In the show’s mythology, the jaguar is possibly an ancestor of her mother, whom she has never met. The series doesn’t resolve the mystery of Lisa’s missing mom but teases that her kitten-vomiting power stems from her mom’s bloodline. Antosca says the big cat represents “the experience of carrying something inside you that you need to get out in the world” — not unlike a filmmaker struggling for creative control.
Of course, the hardest part is identifying and then accessing that power inside yourself. “As a human being, you have to come to learn what your power is,” Zion says. “You don’t necessarily instinctively know what it is.” It’s why, in the finale, Lisa heads home to Brazil to try and understand her connection to the jaguar.
So what’s the deal with that creepy jaguar couch?
Lisa finds the chaise longue said to be made from mother jaguar beneath the trapdoor in her bedroom. The magical piece of furniture plays a key role in Grimson’s book, so it was essential to include it in the series. Antosca also admits that he and Zion “just wanted to see if we could make a couch scary.”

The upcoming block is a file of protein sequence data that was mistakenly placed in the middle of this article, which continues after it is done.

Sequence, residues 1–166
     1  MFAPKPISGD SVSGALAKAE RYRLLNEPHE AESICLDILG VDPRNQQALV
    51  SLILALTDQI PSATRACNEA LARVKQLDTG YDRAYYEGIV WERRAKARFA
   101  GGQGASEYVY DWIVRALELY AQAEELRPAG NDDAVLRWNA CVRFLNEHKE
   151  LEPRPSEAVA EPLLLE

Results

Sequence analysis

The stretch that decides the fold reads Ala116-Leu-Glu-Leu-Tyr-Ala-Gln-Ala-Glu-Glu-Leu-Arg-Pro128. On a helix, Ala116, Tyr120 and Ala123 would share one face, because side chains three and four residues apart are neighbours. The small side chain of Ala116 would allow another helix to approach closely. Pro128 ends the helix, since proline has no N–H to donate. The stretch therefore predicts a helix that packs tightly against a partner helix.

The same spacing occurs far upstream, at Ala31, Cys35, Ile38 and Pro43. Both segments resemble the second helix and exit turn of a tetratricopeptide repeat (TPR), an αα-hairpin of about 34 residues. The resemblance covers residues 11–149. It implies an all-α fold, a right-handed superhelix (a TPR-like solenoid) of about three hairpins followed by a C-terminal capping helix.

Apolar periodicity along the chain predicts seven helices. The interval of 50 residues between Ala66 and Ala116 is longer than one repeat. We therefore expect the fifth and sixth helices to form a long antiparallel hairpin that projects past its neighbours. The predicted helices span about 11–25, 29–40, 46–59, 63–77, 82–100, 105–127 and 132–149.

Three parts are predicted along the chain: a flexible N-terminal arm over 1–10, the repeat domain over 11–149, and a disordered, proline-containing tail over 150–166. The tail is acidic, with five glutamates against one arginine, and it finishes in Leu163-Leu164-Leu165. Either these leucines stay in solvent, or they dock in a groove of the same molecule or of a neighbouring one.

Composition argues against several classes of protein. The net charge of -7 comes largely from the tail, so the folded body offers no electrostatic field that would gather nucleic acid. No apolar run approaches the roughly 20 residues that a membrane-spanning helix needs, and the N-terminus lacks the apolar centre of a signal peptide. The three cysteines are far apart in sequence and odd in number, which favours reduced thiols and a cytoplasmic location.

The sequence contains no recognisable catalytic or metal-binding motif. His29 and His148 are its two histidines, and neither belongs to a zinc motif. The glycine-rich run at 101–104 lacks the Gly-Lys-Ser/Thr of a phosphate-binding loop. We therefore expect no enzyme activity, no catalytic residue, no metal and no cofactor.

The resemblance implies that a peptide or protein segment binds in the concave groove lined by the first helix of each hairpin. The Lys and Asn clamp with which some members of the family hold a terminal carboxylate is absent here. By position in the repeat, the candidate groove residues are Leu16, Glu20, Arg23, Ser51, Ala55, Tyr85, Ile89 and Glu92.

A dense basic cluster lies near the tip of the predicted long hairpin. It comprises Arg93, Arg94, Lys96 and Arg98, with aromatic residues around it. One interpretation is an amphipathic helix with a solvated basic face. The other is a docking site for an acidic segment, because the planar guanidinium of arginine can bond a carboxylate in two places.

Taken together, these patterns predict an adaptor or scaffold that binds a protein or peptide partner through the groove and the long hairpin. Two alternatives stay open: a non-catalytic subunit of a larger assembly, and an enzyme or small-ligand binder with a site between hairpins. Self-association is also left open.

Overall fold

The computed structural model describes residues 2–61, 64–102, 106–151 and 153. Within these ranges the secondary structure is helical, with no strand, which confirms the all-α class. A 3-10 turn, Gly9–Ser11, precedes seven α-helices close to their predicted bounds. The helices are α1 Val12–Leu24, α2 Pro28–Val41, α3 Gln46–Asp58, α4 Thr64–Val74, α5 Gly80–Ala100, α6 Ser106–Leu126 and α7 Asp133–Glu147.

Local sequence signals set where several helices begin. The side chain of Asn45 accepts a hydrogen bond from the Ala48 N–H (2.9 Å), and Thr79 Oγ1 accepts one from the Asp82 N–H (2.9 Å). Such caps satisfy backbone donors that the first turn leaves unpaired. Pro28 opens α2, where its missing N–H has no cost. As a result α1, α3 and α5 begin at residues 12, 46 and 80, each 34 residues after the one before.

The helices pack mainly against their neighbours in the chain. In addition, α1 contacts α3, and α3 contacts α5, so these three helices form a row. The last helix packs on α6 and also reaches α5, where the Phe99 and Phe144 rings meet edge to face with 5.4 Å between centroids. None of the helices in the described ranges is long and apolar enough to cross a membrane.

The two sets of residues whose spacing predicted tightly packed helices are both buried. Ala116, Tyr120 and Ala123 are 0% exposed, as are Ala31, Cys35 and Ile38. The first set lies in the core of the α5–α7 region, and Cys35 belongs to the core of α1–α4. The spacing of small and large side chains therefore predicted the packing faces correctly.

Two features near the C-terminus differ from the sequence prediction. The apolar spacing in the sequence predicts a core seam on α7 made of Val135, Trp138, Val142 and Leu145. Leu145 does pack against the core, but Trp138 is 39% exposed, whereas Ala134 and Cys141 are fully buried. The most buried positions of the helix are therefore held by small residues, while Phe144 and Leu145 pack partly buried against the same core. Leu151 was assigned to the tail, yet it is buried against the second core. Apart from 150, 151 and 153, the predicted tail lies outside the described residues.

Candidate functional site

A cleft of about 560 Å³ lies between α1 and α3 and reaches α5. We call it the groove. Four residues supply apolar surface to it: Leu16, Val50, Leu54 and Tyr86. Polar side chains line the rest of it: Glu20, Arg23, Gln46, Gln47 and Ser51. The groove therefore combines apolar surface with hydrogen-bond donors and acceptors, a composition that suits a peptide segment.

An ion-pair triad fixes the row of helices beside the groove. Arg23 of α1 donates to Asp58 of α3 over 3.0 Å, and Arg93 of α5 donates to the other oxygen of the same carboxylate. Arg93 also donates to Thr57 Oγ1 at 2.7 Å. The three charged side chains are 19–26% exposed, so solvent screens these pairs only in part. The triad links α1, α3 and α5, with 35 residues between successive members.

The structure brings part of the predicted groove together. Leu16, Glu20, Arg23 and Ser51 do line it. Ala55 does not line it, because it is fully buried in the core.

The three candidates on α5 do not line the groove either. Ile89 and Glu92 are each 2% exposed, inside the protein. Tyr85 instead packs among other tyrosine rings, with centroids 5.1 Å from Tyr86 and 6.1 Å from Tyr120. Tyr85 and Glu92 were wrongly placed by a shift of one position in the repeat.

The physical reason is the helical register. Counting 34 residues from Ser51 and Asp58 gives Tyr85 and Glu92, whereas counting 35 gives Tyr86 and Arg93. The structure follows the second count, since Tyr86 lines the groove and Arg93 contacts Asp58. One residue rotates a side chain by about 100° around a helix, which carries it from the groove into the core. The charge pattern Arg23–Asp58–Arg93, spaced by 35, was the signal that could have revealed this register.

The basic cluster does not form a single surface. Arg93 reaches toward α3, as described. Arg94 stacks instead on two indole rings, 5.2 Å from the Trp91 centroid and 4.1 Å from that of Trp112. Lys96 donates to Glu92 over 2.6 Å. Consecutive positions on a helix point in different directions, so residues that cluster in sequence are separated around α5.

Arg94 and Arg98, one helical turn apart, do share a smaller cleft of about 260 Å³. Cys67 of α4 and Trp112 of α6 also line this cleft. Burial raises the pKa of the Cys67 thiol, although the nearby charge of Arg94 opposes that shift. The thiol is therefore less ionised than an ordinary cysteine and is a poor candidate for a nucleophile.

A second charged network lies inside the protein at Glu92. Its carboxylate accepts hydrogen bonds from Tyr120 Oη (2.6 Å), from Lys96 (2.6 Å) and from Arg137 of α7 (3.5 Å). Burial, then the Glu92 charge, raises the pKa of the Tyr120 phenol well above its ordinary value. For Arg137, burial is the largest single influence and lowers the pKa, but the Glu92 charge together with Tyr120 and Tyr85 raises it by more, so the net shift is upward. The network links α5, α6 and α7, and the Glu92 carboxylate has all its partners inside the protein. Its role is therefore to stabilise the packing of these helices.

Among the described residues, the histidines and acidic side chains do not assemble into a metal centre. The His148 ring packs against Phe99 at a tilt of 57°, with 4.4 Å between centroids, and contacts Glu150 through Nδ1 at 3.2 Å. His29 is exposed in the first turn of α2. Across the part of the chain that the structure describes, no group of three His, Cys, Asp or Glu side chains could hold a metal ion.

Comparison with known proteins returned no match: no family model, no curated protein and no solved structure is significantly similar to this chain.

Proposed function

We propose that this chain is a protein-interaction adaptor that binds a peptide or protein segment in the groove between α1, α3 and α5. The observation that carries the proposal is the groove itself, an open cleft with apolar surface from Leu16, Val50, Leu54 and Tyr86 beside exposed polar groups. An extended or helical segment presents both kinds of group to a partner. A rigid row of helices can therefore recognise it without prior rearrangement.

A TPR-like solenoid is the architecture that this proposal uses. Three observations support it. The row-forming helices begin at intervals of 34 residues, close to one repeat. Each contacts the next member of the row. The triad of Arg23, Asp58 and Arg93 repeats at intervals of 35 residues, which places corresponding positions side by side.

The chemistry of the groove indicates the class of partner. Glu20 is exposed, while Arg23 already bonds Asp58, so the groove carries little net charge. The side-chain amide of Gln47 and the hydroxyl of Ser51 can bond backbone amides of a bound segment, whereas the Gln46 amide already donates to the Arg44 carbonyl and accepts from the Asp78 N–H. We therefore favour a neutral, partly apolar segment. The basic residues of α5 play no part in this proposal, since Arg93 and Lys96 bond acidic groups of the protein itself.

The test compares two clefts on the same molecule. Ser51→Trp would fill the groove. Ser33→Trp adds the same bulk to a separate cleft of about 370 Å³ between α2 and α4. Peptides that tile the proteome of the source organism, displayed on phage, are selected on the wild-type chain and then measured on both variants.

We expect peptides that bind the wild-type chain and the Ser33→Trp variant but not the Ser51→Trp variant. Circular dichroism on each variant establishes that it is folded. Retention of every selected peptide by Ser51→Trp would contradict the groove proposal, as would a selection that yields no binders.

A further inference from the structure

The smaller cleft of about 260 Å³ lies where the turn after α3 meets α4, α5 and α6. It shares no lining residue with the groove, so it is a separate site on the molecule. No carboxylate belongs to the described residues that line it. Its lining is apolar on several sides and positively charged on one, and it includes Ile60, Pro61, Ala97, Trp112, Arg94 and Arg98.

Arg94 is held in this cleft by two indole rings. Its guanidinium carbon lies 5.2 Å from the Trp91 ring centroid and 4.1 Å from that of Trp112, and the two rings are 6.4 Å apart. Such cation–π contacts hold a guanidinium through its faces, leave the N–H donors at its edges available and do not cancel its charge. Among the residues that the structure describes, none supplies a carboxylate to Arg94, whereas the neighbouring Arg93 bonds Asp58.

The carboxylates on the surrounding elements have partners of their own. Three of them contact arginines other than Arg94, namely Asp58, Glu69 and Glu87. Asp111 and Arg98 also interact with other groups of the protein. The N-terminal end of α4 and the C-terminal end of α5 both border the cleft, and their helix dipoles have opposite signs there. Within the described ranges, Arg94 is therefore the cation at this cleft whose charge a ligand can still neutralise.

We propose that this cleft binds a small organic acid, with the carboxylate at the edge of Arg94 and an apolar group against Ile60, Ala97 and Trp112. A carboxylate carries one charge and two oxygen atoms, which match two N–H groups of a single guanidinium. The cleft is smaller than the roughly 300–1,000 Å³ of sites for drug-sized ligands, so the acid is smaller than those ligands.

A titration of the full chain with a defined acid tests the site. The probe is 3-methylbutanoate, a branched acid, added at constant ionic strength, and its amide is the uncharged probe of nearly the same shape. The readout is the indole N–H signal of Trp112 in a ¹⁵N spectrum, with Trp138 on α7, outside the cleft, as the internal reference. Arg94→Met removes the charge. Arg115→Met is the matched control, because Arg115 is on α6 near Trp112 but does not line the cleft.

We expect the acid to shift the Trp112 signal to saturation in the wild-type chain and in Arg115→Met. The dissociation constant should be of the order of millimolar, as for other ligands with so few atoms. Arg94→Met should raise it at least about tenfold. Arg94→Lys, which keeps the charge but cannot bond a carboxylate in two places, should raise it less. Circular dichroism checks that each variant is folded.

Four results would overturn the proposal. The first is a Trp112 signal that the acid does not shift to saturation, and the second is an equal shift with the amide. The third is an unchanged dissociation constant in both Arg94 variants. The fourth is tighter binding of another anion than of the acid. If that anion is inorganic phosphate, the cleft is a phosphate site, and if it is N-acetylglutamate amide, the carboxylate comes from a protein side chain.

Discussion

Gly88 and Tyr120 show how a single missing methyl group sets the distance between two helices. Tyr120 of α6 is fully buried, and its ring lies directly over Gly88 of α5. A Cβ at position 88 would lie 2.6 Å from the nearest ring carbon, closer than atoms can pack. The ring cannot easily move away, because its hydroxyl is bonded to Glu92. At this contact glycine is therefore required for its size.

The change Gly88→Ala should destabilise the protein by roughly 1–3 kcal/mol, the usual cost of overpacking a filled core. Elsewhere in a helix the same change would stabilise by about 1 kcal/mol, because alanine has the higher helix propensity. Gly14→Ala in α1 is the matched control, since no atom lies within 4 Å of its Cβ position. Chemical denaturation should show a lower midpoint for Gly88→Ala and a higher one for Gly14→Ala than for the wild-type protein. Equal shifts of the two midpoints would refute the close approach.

How do you do that? Well, you create a couch that looks like it was made by Delia Deetz and set it in an Upside Down–like alternate dimension. “There was an instinct that was almost unspoken,” Zion says, “that this couch, just sitting there, would be an unsettling, disturbing image.” Nailed it.
Will season two of Brand New Cherry Flavor be as cat-obsessed?
Right now, the creators have no plans to make a second season of the limited series. “We felt that the ending was right for Lisa’s story in the sense that we know it’s kind of a strange and sociopathic ending but also kind of right for an artist to say, ‘I’m going to go explore myself. I have this other stuff to figure out,’” Antosca says.
But if — and that’s a big if — they decide to make a season two, there will be cats. “More cats and bigger cats,” Antosca promises. In the meantime, he has one request for Brand New Cherry Flavor fans: “Go to your local animal shelter and adopt a cat that needs a home.”